In Nationals lore, this game will simply be known as the Strasburg game. The pitcher that the Nationals had said was too ill to pitch effectively saved his team’s season. The pitcher belittled on national television for his alleged reluctance to pitch while ill saved his reputation.
Sick? We should all be so sick.
With the Nationals facing elimination, Strasburg sneezed and coughed, put up his germy hand in the faces of the Chicago Cubs, and just said no.
He pitched seven of the most dominant innings you will ever see, soaring above the elements of mist and cold and rain, letting the Nationals ride him to a 5-0 victory Wednesday. The Nationals managed an unearned run and nothing more until Michael A. Taylor hit a grand slam with two out in the eighth inning.
And so the series will extend to a fifth and decisive game, Thursday in Washington. The exhausted winning team then will fly from coast to coast, opening the National League Championship Series on Saturday at Dodger Stadium, against Clayton Kershaw and the rest of the rested Dodgers.
Strasburg struck out 12 batters, flashing a fastball that hit 96 mph and an utterly unhittable changeup. He gave up three hits. In 14 innings in this division series, he has not given up an earned run and has struck out 22.
He set the franchise record for strikeouts in a postseason game in Game 1, then broke it in Game 4. He joined Bob Gibson and Sandy Koufax as the only pitchers with 10 strikeouts or more twice in a postseason series.
Bryce Harper, nodding down toward the bright green patch of artificial turf on which he stood, thought back to the image he had of Strasburg a couple days ago.
“His face was about the color of that carpet,” Harper said. “I think for him to be able to cowboy up and do his job shows how much of a great teammate he is.”
Strasburg took the mound in short sleeves, an almost defiant gesture when the temperature at game time was 59 degrees and the wind whipped at 15 mph. He had taken antibiotics and intravenous fluids for several days, trying to combat a virus.
“It just seemed to suck the life out of me,” he said.
The Nationals had announced Tuesday he would not pitch, without disclosing his condition. Manager Dusty Baker said only that Strasburg was “under the weather” and that there was “mold in Chicago,” prompting some fans to wear face masks to Wrigley Field on Wednesday, to protect themselves from the purported civic mold menace.
Harper, Daniel Murphy and Ryan Zimmerman each said he had not appealed to Strasburg late Tuesday to pitch with the Nationals season on the line, and those players all said they did not know of any teammate that had. Strasburg might not have heard any calls or seen any texts anyway; he said he had fallen asleep right away.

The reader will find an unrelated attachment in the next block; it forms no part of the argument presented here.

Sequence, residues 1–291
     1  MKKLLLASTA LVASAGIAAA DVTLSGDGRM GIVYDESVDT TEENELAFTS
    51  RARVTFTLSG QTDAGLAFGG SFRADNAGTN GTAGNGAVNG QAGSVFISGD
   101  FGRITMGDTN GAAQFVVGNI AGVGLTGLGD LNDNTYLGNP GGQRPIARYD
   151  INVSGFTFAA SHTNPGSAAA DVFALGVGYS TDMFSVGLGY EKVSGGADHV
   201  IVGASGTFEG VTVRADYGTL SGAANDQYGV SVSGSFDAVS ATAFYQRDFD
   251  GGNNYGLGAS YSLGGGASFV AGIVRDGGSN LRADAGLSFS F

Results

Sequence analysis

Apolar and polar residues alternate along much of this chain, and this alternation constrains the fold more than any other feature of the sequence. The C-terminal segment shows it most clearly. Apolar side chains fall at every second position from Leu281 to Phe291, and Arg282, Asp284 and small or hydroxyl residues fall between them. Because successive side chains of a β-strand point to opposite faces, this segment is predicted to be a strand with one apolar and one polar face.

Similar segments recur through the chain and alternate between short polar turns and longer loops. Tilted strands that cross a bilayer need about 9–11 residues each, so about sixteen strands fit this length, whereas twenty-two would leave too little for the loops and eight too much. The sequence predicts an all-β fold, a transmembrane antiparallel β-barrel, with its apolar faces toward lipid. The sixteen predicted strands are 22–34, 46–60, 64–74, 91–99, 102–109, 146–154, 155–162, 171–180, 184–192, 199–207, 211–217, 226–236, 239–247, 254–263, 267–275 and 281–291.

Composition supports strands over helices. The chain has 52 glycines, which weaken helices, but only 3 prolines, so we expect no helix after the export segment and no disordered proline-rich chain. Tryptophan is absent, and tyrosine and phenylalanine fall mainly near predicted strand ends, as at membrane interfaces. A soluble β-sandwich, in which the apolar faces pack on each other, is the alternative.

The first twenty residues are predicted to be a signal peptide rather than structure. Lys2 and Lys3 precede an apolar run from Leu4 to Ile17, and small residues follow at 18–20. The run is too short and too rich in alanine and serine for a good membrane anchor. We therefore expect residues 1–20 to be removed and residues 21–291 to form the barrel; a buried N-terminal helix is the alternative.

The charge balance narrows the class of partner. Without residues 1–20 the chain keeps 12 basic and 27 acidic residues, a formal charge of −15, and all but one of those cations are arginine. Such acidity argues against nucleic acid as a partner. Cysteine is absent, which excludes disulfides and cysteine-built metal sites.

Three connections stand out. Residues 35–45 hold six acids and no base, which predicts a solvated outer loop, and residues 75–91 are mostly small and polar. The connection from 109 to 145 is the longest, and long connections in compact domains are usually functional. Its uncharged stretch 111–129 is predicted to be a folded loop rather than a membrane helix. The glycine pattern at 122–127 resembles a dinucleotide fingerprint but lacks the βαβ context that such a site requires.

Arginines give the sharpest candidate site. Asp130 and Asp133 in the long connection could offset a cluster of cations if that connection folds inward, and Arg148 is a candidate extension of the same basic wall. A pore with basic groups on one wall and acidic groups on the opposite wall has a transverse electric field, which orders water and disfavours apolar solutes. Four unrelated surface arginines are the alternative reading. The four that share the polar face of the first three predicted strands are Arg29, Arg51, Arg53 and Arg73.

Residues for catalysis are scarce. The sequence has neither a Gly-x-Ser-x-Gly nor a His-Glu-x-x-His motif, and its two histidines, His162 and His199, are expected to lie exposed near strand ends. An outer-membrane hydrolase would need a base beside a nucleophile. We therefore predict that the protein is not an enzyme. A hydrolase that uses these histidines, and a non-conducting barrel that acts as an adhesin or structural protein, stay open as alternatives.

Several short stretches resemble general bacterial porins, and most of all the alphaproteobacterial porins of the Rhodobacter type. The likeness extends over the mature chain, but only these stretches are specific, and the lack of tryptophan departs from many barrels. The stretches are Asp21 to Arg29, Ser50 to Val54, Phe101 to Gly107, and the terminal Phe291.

Strasburg did pitch, of course, after he said a different and more effective antibiotic had kicked in, and after he had endured national questions about his fortitude. He told reporters he had nothing to prove.
“Not to you guys, no,” he said. “You guys create the drama.”
Strasburg, remember, did not pitch in the playoffs five years ago because the Nationals shut him down in an effort to protect the long-term health of his arm.
“Stephen wants to pitch,” Zimmerman said. “He’s always wanted to pitch. It’s never been a matter of whether he wants to pitch or not. It’s just been if he is able to pitch.”
His first pitch was a fastball at 95 mph. He struck out two batters in the first inning and three in his seventh and final inning, when he skipped off the mound after 106 pitches.
“It probably was a blessing in disguise,” Strasburg said. “My energy wasn’t really, like, through the roof, so it was easier to manage it.”
In a season that has been all about the home run, this series has been all about pitching. The Cubs are batting .159. The Nationals are batting .130.
Strasburg was so spectacular Wednesday that the Cubs, who have scored eight runs in the first four games of the series, were not at all sweating Game 5.
"We like our chances,” Cubs pitcher Jake Arrieta said. “As long as Strasburg isn’t on the mound, we’ll be all right."
Follow Bill Shaikin on Twitter @BillShaikin